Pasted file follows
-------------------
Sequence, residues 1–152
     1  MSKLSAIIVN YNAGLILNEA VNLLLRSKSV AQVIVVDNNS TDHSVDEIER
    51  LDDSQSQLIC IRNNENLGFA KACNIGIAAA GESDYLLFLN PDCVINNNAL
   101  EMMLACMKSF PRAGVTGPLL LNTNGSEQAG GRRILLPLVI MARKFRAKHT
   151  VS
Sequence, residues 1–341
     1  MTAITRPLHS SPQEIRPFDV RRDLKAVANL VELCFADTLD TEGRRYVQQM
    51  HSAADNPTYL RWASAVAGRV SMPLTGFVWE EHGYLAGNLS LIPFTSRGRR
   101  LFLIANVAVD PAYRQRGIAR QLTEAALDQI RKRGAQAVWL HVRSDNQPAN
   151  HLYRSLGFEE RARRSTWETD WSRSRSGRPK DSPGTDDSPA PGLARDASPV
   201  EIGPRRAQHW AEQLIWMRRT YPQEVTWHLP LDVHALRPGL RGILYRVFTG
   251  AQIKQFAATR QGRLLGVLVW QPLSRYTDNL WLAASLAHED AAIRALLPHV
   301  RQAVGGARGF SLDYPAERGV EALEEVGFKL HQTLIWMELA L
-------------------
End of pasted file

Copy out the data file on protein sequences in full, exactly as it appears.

Sequence, residues 1–152
     1  MSKLSAIIVN YNAGLILNEA VNLLLRSKSV AQVIVVDNNS TDHSVDEIER
    51  LDDSQSQLIC IRNNENLGFA KACNIGIAAA GESDYLLFLN PDCVINNNAL
   101  EMMLACMKSF PRAGVTGPLL LNTNGSEQAG GRRILLPLVI MARKFRAKHT
   151  VS
Sequence, residues 1–341
     1  MTAITRPLHS SPQEIRPFDV RRDLKAVANL VELCFADTLD TEGRRYVQQM
    51  HSAADNPTYL RWASAVAGRV SMPLTGFVWE EHGYLAGNLS LIPFTSRGRR
   101  LFLIANVAVD PAYRQRGIAR QLTEAALDQI RKRGAQAVWL HVRSDNQPAN
   151  HLYRSLGFEE RARRSTWETD WSRSRSGRPK DSPGTDDSPA PGLARDASPV
   201  EIGPRRAQHW AEQLIWMRRT YPQEVTWHLP LDVHALRPGL RGILYRVFTG
   251  AQIKQFAATR QGRLLGVLVW QPLSRYTDNL WLAASLAHED AAIRALLPHV
   301  RQAVGGARGF SLDYPAERGV EALEEVGFKL HQTLIWMELA L